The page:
by Meredith Berger ~

This week I’ve had a few out of the ordinary experiences that have really tested my faith. For my commute to work, I use a ride share service that places me with different drivers each day. It’s convenient, and usually causes no issues – on the contrary, I often find myself engaged in fun or inspiring conversations with my drivers. This week, however, my commute was tainted by confusing and angry speech regarding my faith.

Two days in a row, unprompted, my drivers brought up religion. My Monday driver was a firm believer that believed Catholics altered Christianity against the word of God by changing the Sabbath and following idols, and that male and female relationships between Christians are destroyed by the devil, who creates impure thoughts. It was a lot to take in on a Monday morning and left me unsettled. I listened, but never argued, and went about my day.

My Tuesday morning driver asked me how my morning was. We sat in silence for a few minutes, and then he began a rant on how the Bible is meant to suppress minorities and the poor. He said that God sacrifices Jesus because He sins by turning water into wine (using magic) and that Jesus is Satan, and that Christians are a cursed people who worship the devil – especially Catholics, who he said killed Jesus. That is only a quarter of what I endured on my 45 minute ride to work, all before 8 a.m. Again, I said nothing, and got out of the car at my office.

I should mention that these are vetted drivers, employed by a ride sharing company. I never felt in danger (although that is a risk you take when using these Apps) but it felt eerie to hear two aggressive rants regarding Christianity, which were both random and had no context. I can’t say whether or not it was coincidence, a test, or evil, but I can say that it shook me up a bit. It reminded me of the time a hateful church congregation visited my college and had horrible signs and chants against certain minorities. I wrote an article for the school newspaper how we should allow students to engage with those sort of groups, because it’s important to stand up for ourselves and teach others our opinions. I preached the importance of that, and yet I am disappointed I sat silent in the backseat of these cars.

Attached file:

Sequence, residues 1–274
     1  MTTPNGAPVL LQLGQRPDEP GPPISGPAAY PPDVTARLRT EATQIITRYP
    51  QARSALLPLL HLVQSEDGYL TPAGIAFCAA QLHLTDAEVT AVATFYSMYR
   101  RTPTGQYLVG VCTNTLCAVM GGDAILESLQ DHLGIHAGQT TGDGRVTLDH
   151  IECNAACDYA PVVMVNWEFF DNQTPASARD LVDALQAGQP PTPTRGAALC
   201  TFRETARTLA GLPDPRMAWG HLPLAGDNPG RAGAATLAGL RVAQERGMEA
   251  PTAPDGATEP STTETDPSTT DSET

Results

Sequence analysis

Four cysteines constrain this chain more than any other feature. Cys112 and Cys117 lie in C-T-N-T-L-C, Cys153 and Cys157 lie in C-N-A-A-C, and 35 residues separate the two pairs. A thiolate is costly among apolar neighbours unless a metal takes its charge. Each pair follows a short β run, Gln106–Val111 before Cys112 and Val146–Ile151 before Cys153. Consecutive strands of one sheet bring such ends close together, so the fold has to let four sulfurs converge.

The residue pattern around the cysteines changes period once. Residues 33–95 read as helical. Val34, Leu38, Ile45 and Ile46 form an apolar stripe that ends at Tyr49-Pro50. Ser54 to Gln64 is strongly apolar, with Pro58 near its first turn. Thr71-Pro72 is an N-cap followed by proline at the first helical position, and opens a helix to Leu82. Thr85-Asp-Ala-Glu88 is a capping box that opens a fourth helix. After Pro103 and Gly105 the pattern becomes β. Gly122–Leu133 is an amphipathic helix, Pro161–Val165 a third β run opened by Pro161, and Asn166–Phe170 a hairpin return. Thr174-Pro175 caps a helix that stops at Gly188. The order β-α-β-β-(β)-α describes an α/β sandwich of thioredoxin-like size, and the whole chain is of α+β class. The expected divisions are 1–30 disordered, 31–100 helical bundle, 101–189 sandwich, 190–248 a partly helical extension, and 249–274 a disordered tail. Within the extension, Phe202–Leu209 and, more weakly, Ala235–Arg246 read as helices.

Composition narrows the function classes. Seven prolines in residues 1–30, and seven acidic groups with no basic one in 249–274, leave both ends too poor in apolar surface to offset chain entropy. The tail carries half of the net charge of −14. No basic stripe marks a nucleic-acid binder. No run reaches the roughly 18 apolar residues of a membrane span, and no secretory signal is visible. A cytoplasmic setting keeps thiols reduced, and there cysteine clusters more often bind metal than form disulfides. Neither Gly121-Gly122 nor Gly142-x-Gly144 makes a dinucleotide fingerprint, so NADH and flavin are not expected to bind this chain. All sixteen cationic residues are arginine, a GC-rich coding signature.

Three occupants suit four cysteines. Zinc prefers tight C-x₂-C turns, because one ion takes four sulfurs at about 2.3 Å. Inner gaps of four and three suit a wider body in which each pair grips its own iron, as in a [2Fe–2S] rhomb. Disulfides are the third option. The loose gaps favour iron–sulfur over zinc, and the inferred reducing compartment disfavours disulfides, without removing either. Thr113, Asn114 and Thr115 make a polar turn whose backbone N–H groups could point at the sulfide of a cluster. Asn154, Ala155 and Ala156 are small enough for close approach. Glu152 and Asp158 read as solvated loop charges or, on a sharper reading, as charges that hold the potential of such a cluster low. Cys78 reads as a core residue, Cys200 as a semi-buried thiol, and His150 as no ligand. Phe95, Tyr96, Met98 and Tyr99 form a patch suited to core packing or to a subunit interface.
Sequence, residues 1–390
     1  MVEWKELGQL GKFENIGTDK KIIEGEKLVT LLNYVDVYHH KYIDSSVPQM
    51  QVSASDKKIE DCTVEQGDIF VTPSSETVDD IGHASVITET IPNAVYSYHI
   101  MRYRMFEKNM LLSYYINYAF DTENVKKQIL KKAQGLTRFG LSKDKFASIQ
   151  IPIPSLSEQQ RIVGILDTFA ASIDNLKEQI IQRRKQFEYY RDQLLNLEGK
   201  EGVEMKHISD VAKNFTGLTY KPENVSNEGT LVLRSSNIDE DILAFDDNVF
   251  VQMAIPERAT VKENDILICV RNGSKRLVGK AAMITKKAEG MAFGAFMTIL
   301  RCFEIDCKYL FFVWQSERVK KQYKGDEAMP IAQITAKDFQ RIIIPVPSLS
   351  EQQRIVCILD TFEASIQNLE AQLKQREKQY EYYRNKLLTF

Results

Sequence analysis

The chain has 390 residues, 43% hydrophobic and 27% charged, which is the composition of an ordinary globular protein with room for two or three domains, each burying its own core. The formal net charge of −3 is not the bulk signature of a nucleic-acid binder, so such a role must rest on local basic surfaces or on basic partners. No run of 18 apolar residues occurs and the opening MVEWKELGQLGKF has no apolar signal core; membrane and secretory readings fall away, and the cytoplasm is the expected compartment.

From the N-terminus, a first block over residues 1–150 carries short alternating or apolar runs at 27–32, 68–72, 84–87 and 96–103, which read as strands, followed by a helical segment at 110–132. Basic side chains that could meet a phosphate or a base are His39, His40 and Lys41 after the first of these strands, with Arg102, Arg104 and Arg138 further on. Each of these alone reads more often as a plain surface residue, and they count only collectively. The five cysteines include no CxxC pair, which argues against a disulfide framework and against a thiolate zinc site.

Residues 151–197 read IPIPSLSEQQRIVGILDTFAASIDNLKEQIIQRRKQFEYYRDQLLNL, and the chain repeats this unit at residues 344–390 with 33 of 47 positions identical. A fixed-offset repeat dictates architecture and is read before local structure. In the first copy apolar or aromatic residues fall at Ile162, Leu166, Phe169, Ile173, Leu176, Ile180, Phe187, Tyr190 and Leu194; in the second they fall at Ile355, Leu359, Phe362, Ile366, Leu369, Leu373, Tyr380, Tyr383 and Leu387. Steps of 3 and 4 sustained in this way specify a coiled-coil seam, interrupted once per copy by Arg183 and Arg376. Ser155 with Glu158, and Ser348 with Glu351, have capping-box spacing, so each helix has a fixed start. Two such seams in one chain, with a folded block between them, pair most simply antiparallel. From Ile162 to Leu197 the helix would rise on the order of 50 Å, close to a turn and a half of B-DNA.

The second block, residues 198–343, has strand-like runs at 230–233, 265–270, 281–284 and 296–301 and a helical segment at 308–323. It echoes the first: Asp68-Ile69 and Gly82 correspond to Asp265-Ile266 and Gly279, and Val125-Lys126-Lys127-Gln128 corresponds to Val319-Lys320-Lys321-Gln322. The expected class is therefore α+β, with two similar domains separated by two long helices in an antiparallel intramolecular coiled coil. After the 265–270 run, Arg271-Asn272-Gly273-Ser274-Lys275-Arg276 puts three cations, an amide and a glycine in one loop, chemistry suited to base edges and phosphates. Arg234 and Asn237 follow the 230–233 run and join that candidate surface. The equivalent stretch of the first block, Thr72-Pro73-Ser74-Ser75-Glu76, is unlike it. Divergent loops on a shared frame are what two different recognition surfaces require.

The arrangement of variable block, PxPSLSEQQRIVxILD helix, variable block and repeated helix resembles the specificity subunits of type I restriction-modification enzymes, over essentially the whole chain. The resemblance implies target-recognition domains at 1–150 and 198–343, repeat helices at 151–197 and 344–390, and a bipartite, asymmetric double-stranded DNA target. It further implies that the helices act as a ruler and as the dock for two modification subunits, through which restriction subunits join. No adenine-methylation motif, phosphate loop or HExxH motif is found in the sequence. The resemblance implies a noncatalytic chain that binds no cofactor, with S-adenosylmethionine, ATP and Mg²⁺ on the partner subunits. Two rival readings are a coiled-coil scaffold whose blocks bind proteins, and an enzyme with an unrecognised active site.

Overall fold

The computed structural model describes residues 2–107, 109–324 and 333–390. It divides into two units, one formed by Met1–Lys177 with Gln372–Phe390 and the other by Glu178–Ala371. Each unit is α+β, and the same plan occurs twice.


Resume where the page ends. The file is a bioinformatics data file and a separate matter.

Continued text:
I didn’t even know what to say in the moment – granted I hadn’t had coffee yet, I also was unsure if I should engage or if that would fuel the flames. I’m sure we’ve all experienced situations that have tested our faith and made us angry and upset, so I’m curious, have any of you ever argued back? Or is it appropriate to turn the other cheek and brush it off as nonsense? I’m not sure if I should have spoken up and defended the Word as it’s written, or if I would have gotten too heated.

What I do know is that 1 Peter 3:15 says, in your hearts honor Christ the Lord as holy, always being prepared to make a defense to anyone who asks you for a reason for the hope that is in you; yet do it with gentleness and respect. Here Peter clearly says to offer a defense when someone asks you to witness to your faith. Later, in 1 Peter 4:14 he continues, If you are insulted because of the name of Christ, you are blessed, for the Spirit of glory and of God rests on you. Taken together, these two Bible verses make the case that not everyone who rails against Christianity is interested in a response. Perhaps this a time where we stop to ask the Holy Spirit for wisdom and clarity over the situation.

I’m not certain of the answer, but as Christians, a point to remember in these moments is that people can argue the facts but they cannot argue with the story of your own personal experiences with Christ in your life.


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